One good popcorn-ball recipe and bam! It’s Halloween.

Ghastly Halloween thing

No one can accuse us of not being ready for Halloween here at the Manse. Why, just look at this ghastly thing Raymond picked up on a recent shopping excursion and has hung on the front porch! I absolutely hate it, but I guess if it gives the wee ones a not-too-scary frisson of fear, it’ll have done the trick. Note the ghostly reflection in the window… Boo!

Welcome to a slightly late (due to mild technical difficulties) Monday at the Manse, dear readers! Before another Monday rolls around, Halloween will have come and gone, and so I thought I’d tackle that topic today.

Honey Bunny and Teddy

Honey Bunny on top (as usual) and ever-so-patient and sweet Teddy on the bottom.

Now, until a short while ago I wasn’t going to tackle that topic; I was going to write about the new Manse cats, Teddy and Honey Bunny, and delight you with some decidedly cute photos of them, and maybe even a video or two. But I think that Teddy and Honey Bunny can wait another week or so for their adorable habits (and the proof that they have Raymond and me wrapped around their tiny little fingers) to be revealed to the world.

So yeah, Halloween. I’ve written about Halloween in Queensborough before, notably here, wherein I reminisced about the Halloweens of my childhood growing up in this very Manse. As I wrote back then – on the eve of my first Halloween here since those long-ago childhood days – the best part of the whole affair was the homemade candy that we kids could count on getting at many houses in the village. The fudge – maple and chocolate – was superb; “store-bought” candies like chocolate bars and chips and candy kisses paled in comparison.

But the best, the absolute best, of that homemade Queensborough candy was the popcorn balls that we’d get at Frankie (Frances) Cassidy’s house. I adored those popcorn balls – a wonderful mix of sweet and salty and sticky and soft. And Frankie was a lively grandmotherly lady who made us little kids feel welcome in her comfortable old home as she doled out those wondrous popcorn balls.

(I was reminiscing about that decades-old memory not too long ago with Pat, the current co-owner of Frankie’s house, during a chat in her front foyer. She has done a terrific job of preserving the place, and her gardens on the grounds are wild and stunning.)

Frankie's house

Frankie Cassidy’s house as it is today, with beautiful gardens in front and back thanks to current owners Pat and Randy. 

So anyway, when the folks at New York Times Cooking – a section of that great newspaper and also a stand-alone app – featured a recipe for what look to be absolutely superb popcorn balls in their lineup the other day, I decided that Halloween, and not Honey Bunny and Teddy, would be the topic of today’s post.

NYT popcorn balls

People, you have the wonderful New York Times Cooking folks to thank for the topic of tonight’s post. Well, the New York Times – and the late Frankie Cassidy of Queensborough.

Not only because the Times’s recipe brought back wonderful Halloween-in- Queensborough memories, but because this recipe means that you and I can now make those popcorn balls ourselves!

Here it is, and I don’t think you need worry about whether you can find cane syrup on the shelves of your local grocery store; as recipe-writers Julia Moskin and Kim Severson say, you can use good-quality corn syrup instead:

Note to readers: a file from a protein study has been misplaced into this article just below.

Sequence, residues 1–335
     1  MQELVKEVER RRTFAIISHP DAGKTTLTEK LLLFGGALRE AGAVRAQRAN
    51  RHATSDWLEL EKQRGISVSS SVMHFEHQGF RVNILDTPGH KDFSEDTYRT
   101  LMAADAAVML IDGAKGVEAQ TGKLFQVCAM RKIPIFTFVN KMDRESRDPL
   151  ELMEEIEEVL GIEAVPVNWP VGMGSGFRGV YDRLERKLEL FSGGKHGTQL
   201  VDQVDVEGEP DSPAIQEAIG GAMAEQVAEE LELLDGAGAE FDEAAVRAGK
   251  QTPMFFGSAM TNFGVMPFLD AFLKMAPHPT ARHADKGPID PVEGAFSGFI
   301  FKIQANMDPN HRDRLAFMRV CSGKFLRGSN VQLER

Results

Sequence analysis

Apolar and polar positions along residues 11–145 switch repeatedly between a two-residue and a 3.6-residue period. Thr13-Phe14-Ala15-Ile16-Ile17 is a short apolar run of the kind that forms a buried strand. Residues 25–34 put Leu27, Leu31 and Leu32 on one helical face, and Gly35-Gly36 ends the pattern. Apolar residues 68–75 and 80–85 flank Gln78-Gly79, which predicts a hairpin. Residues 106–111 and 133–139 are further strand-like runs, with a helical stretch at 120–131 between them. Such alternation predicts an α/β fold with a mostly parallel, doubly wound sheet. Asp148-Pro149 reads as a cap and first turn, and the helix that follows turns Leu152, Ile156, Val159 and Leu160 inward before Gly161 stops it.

NYT popcorn balls recipe

I lament the fact that no one gives out homemade candy anymore – that even if I made these wonderful popcorn balls, they would be frowned upon by parents as a dodgy prospect, not being labelled with the ingredients and all.

But hey, I tend to look on the bright side. If I can’t be like Frankie and give those popcorn balls out on Halloween – I can eat them all myself!

4 thoughts on “One good popcorn-ball recipe and bam! It’s Halloween.

  1. As usual Katherine your blogs usually make me a bit lonesome for Quensborough. I had one of the granddaughters help me decorate the house this time with a skeleton, witches, pumpkins and pumpkin lights, as we now have a little one living next door. Either that or I am in my second childhood. I am not smart enough to take a picture and send on the computer, to old to learn that stuff. One of my favorite treats as a child was the chocolate fudge we got from Mrs. Green and Jessie and now that lovely old brick house is no longer there.

    • Barbara, I don’t think it’s your second childhood at all! Like you, I find that as the years go on I take greater delight in decorating our house to celebrate occasions like Halloween and Christmas – partly for my own enjoyment, and partly to share the fun with others, especially children. You should just see the Manse at Christmas! Those retro ornaments and decorations I keep finding in thrift shops and the like are making it wonderful. But back to Halloween: I’m happy you too have great memories of Queensborough chocolate fudge – and isn’t it amazing that after all these years we remember which homemade treats we’d get at each house? It is so sad that the Green house is gone – it was truly a tragedy for our hamlet when it burned down. But even so, Queensborough is looking pretty great (and well-maintained) these days!

  2. My kids loved going to “Gramma Grace”, (Grace O’Rourke’s home). She made the best fudge,and pop corn balls.

    • What a great memory, Anne! I too have fond recollections of Grace O’Rourke, though I don’t think I ever ventured as far afield as her house (not that it’s very far afield!) way back in my trick-or-treating days. As I just wrote in a reply to Barb Martin’s comment, isn’t it amazing that all these years on we still fondly remember exactly what homemade treat we (or in your case, your kids) used to get at various houses?

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